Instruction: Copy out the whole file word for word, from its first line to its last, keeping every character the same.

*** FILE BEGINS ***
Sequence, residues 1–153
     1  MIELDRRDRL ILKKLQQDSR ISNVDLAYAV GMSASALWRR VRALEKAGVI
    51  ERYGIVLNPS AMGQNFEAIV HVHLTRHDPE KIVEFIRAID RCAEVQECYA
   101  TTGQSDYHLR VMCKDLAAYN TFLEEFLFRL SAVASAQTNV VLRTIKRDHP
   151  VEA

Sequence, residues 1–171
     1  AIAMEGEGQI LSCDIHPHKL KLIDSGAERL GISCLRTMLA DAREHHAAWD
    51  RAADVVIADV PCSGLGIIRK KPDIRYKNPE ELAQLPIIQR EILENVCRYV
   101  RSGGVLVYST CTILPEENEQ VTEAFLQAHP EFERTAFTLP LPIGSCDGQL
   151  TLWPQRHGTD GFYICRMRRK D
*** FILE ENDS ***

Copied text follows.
Sequence, residues 1–153
     1  MIELDRRDRL ILKKLQQDSR ISNVDLAYAV GMSASALWRR VRALEKAGVI
    51  ERYGIVLNPS AMGQNFEAIV HVHLTRHDPE KIVEFIRAID RCAEVQECYA
   101  TTGQSDYHLR VMCKDLAAYN TFLEEFLFRL SAVASAQTNV VLRTIKRDHP
   151  VEA

Sequence, residues 1–171
     1  AIAMEGEGQI LSCDIHPHKL KLIDSGAERL GISCLRTMLA DAREHHAAWD
    51  RAADVVIADV PCSGLGIIRK KPDIRYKNPE ELAQLPIIQR EILENVCRYV
   101  RSGGVLVYST CTILPEENEQ VTEAFLQAHP EFERTAFTLP LPIGSCDGQL
   151  TLWPQRHGTD GFYICRMRRK D